Introduction to Job by Stephen Ricker
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Introduction To Job


Since the book of Job deals mostly with suffering, I thought it best to look at a few questions and answers concerning the subject of suffering before an introduction to the book. The introduction is after these questions.

What does "suffer" mean?

According to The American Heritage Dictionary, suffer means, "to feel pain or distress; sustain loss, injury, harm, or punishment."

What are different ways people suffer?
(usually a person experienced more than one of these at a time)

1) Mentally
   a) Fears either real or imagined
   b) Delusions
   c) Obsessions and Compulsions
   d) Discouragement
   e) Dreams

2) Socially
   a) Non-acceptance/Rejection
   b) Ridiculed/Shamed
   c) Rebuked/Yelled at/Corrected
   d) Laughed at, but not "b" above.
   e) Hate
   f) Broken relationships (i.e. wife/husband, child/parent, friend/friend)
   g) Lack of love/affection
   h) Racial prejudice
   i) Death of friend or family member
   j) War/fighting/arguing

3) Physically
   a) Disease/Chemical Imbalances
   b) Addictions (i.e. Drugs, Alcohol, Tobacco, Caffeine)
   b) Sickness
   c) Injury accidental or intentionally self imposed
   d) Natural fact of life (i.e. child bearing, ageing)
   e) Unattractiveness
   f) Tiredness/Lack of sleep/Insomnia
   g) Sexually

4) Spiritually
   a) No relationship with God
   b) Demon possession
   c) Resentment towards God
   d) Lack of a thankful heart
   e) Don't praise God/Lack of meaningful worship
   f) Stubbornness/We temporarily turn our back on God
   g) Pride
   h) Sin

5) Our feelings
   a) Depression
   b) Sad
   c) Angry
   d) Jealous
   e) Hate/Malice
   f) Shame
   g) Discouragement
   h) Grief/Bereave

6) Financial
   a) Not enough to meet basic needs
   b) Obtain more in a day all the time than can spend in one day all the time

7) Materially
   a) Not having what is needed
   b) Losing something of value real or sentimental
   c) Not having what one wants

Why do people suffer?

  1. Superficial reasons.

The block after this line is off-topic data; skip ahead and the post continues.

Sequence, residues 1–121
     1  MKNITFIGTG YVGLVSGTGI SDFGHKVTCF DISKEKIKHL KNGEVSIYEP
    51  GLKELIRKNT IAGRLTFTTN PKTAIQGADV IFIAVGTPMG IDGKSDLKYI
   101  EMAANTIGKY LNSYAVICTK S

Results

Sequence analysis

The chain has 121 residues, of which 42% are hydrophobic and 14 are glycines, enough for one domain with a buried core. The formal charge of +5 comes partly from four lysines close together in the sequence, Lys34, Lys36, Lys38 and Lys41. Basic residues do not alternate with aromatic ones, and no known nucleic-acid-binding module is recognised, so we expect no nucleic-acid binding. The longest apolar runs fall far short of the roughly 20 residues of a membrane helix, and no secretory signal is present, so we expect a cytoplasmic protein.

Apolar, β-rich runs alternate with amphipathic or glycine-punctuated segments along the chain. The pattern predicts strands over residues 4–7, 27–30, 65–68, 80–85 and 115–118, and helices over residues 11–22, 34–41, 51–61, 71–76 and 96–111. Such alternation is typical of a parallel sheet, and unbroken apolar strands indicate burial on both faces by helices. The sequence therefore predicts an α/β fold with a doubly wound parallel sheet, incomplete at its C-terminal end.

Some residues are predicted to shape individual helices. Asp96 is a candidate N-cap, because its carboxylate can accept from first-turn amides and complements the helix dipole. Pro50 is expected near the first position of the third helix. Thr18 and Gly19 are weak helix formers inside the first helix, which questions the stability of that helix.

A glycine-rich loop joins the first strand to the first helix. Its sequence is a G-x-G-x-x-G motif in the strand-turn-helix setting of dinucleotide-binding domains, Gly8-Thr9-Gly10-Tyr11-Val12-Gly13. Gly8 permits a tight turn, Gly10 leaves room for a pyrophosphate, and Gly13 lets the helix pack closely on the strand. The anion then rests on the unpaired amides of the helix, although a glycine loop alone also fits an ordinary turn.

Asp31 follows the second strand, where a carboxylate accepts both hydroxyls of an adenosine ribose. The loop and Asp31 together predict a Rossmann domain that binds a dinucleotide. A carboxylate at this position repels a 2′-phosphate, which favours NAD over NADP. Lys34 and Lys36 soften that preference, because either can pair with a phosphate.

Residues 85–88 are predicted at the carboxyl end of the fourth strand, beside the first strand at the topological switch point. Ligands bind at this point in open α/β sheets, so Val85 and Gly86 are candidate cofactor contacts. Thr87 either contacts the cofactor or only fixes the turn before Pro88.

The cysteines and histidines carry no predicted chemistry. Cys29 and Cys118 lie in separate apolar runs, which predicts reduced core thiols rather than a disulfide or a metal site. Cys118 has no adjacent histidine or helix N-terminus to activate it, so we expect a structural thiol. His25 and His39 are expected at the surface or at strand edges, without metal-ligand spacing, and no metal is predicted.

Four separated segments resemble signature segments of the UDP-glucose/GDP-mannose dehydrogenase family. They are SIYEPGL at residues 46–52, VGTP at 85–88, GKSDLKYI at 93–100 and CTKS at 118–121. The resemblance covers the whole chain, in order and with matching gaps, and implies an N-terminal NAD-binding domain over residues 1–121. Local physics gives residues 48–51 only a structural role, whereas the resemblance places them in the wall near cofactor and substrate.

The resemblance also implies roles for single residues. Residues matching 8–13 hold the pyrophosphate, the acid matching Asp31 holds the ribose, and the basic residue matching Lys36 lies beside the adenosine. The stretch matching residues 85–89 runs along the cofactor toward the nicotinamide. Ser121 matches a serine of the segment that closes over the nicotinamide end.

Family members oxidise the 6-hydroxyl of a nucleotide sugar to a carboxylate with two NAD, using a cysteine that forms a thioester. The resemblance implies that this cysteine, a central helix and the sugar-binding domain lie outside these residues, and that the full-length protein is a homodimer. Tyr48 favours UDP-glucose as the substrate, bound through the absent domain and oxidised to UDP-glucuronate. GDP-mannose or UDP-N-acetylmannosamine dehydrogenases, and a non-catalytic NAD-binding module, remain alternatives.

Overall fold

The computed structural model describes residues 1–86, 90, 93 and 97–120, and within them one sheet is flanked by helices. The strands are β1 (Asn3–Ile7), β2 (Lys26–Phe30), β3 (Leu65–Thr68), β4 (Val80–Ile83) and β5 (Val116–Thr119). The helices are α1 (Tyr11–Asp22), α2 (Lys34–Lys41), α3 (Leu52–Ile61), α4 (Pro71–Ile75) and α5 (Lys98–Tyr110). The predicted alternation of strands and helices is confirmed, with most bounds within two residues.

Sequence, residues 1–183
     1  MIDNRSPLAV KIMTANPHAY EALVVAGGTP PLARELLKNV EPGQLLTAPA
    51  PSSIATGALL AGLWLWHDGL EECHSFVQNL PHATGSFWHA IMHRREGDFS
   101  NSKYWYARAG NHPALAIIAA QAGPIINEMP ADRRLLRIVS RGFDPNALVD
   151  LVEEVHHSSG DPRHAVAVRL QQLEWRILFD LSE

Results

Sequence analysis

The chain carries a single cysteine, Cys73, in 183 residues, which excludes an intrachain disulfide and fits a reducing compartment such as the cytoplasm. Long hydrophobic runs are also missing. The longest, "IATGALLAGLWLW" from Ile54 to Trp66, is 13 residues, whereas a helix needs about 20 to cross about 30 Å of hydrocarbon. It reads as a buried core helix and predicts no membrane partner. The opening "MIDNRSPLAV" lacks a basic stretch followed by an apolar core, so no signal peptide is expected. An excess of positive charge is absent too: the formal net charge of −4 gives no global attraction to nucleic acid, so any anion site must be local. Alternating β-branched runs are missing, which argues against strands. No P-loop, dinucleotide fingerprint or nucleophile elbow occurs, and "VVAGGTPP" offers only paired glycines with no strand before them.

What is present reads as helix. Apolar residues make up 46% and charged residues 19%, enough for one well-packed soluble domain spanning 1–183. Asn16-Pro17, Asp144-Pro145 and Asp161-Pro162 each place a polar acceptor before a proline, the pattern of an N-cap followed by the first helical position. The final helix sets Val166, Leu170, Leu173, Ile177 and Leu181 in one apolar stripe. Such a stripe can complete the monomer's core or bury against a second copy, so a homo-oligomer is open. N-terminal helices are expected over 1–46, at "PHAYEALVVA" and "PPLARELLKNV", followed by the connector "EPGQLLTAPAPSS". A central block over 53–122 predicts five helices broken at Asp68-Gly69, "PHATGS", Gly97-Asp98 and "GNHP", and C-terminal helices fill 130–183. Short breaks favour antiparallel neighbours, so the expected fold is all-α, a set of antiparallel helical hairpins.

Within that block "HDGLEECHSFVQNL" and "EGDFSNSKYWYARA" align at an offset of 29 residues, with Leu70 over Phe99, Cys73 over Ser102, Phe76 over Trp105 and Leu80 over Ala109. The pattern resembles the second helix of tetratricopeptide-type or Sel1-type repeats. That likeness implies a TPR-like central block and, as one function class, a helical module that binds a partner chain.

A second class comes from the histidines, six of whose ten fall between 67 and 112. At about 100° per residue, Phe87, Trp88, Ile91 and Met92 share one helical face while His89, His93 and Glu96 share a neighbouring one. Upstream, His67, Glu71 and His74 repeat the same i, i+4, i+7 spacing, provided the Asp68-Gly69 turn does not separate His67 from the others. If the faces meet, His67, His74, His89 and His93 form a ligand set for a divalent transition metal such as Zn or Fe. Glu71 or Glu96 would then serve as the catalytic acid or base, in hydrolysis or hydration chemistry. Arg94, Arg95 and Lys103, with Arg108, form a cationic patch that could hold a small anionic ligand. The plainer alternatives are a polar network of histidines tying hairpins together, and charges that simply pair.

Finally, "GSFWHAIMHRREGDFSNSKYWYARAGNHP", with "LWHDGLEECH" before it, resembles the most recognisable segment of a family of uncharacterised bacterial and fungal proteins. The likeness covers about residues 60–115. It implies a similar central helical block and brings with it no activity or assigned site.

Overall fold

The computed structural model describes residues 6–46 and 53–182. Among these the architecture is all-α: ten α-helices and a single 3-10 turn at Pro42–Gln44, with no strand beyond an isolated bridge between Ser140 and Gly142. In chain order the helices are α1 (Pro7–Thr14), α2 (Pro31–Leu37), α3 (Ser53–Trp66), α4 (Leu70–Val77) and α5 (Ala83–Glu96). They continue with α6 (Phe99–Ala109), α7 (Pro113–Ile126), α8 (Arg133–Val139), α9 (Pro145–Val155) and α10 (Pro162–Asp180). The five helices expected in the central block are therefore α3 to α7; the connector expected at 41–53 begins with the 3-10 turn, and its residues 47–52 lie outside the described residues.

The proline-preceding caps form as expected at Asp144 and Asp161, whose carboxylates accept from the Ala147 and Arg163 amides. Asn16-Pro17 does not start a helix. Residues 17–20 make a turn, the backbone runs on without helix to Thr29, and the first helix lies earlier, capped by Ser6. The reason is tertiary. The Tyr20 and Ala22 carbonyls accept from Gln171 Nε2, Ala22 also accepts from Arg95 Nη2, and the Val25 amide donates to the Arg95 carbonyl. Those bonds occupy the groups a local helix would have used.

1. Something a person does wrong (intentionally or unintentionally) whether it be a mistake, error in judgment, lack of judgment, stupidity, or ignorance.
    2. Something someone else did wrong that affected us (intentionally or unintentionally) whether it be a mistake, error in judgment, lack of judgment, stupidity, or ignorance.
    3. An act of nature. In other words a natural act caused us to suffer.
  2. Reasons with the acknowledgement of God as the Almighty, Omnipotent, and Loving (There may be more than one reason we suffer.)
    1. In general because of the curse in Genesis 3, which came because of Adam and Eve's sin, which all human beings have inherited.
    2. Because of a specific sin that we have committed thus being:
      1. punishment
      2. rebuke
      3. training
      4. correcting
    3. Because of a specific sin that our parents committed.
    4. Because of someone else's sin.
    5. To purify our faith in God/To teach us a spiritual reality.
    6. To test our faith.
    7. Because of the spiritual battle Satan and his kingdom against Jesus/God.
    8. To display the glory of God.
    9. God wants to use it in his redemptive plan.
    10. Physical cause and effect. (i.e. breaking a leg while bungee jumping, a child putting his hand on a hot stove). This is God's natural way of keeping a person healthy/alive.
    11. No apparent reason that we can fathom.
    12. An act of nature. In other words a natural act caused us to suffer.

Reactions to suffering.
(This will depend on what we perceive as the cause of our suffering whether we are right or wrong, and/or Godly inspired or worldly inspired. Also none of these will have to be or could be permanent or temporary. We could have more than one of these responses at a time.)

   1) Nothing/ No reaction or response
   2) Repent
   3) Thank God
   4) Turn against God/Curse God/Hate God
   5) Turn against God/Stubbornness
   6) Confusion
   7) Disbelief in our suffering
   8) Learn from our suffering
   9) Ask a lot of questions to self/God/others/idols
   10) Read a book on our suffering or on suffering in general
   11) Impose another suffering on ourselves or impose sufferings on others

The following is from:
Bruce, F.F. (Ed.) (1986). The International Bible commentary with the New International Version. Grand Rapids, Michigan: Zondervan Publishing House.

The Purpose of the Book

Every reader of this magnificent and timeless book realizes that its purpose is to deal, in dramatic form, with the problem of suffering. But it is important to understand exactly what the problem of suffering means for the author.